Vacuum insulation

A cryogenic piping system must be technically perfect. The best insulation is essential for the safe transport of cryogenic gases, which is why vacuum insulation is used in most cases. 

Vacuum-insulated transfer lines contain a process line that is all around enclosed by a vacuum chamber, by which a high-grade insulating vacuum is guaranteed. The insulating vacuum prevents the penetration of energy from outside and ensures that evaporation is reduced to a minimum.

Would you like to learn more about the best insulation for cryogenic infrastructures? Then please read our page on vacuum technology

Cross-section of a vacuum-insulated transfer line (VIP).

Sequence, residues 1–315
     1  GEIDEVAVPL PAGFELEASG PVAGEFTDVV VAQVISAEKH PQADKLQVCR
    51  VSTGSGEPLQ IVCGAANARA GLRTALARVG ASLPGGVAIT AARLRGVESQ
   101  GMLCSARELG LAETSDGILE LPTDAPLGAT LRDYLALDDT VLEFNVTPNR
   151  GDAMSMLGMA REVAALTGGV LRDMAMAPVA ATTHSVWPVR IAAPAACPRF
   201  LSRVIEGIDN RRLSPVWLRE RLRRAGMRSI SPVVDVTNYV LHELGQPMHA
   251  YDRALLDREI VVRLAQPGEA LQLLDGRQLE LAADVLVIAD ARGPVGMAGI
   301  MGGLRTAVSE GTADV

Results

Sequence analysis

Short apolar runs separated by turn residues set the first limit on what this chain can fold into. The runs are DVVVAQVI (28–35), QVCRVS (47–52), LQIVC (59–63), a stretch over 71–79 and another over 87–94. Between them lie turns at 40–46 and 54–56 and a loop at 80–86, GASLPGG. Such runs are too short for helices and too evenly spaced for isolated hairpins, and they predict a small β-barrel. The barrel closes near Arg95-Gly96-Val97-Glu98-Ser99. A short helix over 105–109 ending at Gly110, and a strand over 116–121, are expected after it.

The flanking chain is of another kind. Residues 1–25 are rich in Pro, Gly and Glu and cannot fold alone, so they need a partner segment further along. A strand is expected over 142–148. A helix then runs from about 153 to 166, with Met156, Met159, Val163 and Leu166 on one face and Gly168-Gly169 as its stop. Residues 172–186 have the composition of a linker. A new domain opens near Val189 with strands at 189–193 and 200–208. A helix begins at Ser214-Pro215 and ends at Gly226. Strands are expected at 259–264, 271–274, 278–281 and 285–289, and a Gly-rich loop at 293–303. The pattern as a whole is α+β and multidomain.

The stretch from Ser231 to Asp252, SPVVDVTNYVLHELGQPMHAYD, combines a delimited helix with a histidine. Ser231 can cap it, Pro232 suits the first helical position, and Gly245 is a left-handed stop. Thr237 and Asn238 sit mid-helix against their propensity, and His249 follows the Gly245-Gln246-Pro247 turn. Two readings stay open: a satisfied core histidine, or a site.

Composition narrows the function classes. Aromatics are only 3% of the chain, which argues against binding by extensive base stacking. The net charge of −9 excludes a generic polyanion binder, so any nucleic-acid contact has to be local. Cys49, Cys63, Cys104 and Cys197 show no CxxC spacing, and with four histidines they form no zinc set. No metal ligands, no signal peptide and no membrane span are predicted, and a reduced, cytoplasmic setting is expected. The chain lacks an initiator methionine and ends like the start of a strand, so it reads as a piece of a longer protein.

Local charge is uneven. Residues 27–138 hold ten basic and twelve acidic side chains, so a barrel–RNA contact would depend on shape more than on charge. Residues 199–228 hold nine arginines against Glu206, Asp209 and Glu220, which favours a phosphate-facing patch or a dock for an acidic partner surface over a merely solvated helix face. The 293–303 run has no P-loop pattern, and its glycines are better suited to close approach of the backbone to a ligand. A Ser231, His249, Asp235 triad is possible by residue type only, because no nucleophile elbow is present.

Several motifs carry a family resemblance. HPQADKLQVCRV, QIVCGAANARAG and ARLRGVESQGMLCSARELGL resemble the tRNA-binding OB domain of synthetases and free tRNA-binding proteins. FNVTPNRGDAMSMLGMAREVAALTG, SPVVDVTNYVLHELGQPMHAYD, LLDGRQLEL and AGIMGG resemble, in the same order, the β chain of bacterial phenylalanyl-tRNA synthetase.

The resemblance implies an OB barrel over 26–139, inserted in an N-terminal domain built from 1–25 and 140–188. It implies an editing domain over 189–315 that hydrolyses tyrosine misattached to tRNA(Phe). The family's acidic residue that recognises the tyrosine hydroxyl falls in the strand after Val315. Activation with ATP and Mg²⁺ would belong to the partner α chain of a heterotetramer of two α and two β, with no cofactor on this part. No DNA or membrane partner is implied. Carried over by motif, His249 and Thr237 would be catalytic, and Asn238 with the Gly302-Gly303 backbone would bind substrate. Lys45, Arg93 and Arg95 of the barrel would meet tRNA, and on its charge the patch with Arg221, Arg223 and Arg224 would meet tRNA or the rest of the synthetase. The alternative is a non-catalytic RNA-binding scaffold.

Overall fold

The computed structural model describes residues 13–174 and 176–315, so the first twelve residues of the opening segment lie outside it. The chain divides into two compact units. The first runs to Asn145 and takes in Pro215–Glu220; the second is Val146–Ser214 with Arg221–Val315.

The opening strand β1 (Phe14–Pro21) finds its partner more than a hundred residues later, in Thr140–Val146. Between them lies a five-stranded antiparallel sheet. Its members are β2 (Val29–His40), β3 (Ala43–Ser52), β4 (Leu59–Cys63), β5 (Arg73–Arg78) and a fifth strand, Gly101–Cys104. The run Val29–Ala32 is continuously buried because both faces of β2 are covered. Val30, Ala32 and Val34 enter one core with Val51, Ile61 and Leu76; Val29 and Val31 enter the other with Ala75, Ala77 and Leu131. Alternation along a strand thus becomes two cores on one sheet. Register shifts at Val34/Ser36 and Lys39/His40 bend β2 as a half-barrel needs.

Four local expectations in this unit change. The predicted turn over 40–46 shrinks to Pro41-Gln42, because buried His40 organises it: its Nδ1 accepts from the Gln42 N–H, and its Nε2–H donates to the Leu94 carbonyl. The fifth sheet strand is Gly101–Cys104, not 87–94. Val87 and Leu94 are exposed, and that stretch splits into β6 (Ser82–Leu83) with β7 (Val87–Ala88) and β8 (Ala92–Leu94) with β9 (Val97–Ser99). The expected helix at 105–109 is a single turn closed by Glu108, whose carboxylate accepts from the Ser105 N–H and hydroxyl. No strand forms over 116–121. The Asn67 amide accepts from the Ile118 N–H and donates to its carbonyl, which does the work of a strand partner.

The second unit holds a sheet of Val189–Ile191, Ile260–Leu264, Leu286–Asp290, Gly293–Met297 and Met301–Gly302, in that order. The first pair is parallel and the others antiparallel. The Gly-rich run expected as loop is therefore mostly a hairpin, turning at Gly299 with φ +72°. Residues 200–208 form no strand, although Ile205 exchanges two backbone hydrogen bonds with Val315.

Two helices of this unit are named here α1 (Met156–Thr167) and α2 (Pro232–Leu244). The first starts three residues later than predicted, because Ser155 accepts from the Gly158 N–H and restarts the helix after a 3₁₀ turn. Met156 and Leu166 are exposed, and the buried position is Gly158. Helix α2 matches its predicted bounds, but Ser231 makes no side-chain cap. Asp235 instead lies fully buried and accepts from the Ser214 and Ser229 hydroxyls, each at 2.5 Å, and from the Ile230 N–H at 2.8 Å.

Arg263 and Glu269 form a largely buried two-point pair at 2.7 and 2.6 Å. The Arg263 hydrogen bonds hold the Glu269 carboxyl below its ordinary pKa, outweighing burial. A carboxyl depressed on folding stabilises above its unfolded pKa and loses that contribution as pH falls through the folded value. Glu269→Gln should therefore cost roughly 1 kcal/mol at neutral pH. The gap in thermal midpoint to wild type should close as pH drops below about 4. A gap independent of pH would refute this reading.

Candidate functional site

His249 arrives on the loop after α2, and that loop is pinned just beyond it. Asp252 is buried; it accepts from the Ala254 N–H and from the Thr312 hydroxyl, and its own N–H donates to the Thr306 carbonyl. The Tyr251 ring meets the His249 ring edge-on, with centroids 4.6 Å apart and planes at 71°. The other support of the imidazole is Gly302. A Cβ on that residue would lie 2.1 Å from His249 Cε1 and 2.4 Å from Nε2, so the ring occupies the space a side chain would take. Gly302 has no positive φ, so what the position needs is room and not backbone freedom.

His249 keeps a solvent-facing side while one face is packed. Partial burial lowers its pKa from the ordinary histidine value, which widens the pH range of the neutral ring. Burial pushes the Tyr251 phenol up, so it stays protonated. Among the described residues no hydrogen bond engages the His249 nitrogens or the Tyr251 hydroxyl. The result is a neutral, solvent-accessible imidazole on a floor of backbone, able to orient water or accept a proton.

Cross-section of a vacuum-insulated transfer line (VIP).

How Demaco enhances cryogenic applications to function optimally

This blog unambiguously indicates that cryogenic technology is highly versatile. Cryogenic fluids are used within dozens of industries and come in endless varieties. And this is precisely what makes the cryogenic engineering profession both complicated and exciting. 

Demaco has been at the forefront of the cryogenic industry for decades. Our team of cryogenic engineers is involved in a wide variety of industries. Demaco provides complete infrastructures that ensure cryogenic gases are routed in perfect condition from the storage tank to the application. 

We advise, on design, build, manufacture and supply; we assemble, supervise, and certify piping, systems, and vacuum-insulated components. We also provide various vacuum-insulated products from our Webshop Vacuum

For more information about our work, check out our products and services pages, or reach out to us with any questions or for a free consultation.